PLACERVILLE, Calif. (AP) -- Supervisors in a Northern California county have voted to replace 36 gravestones that bear the N-word, giving the green light to state, county and community officials to design an alternative.
The graves hold pioneers from a Gold Rush settlement called Negro Hill.
The federal government moved the bodies from the mining town in 1954 to make way for a dam. In the process, concrete headstones were erected that say the people came from N-word Hill.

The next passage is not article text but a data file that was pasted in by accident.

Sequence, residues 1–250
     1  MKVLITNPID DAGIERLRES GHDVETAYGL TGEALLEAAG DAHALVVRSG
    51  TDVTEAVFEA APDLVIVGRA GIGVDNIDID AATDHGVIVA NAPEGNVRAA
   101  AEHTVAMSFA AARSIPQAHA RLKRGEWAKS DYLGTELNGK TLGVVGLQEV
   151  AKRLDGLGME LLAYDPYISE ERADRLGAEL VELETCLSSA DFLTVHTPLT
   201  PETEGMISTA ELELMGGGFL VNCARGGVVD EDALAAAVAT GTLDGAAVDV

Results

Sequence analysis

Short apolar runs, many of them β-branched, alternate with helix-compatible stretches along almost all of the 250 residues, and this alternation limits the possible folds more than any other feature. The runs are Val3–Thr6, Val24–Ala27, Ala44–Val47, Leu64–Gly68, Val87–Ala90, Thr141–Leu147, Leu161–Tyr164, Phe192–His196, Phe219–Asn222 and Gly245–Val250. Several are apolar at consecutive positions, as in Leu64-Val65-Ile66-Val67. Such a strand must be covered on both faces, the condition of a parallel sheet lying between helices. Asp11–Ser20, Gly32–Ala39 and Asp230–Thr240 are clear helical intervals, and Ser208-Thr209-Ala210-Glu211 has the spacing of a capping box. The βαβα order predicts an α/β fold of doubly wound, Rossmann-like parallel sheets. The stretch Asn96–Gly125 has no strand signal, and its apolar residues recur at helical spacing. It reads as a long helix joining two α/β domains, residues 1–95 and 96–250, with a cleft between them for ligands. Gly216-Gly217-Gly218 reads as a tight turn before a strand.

The El Dorado County Board of Supervisors on Tuesday took its most decisive action yet in unanimously agreeing to get rid of the offensive gravestones.
The supervisors requested input from a group of black advocates who presented a prototype of the headstone they want as a replacement.
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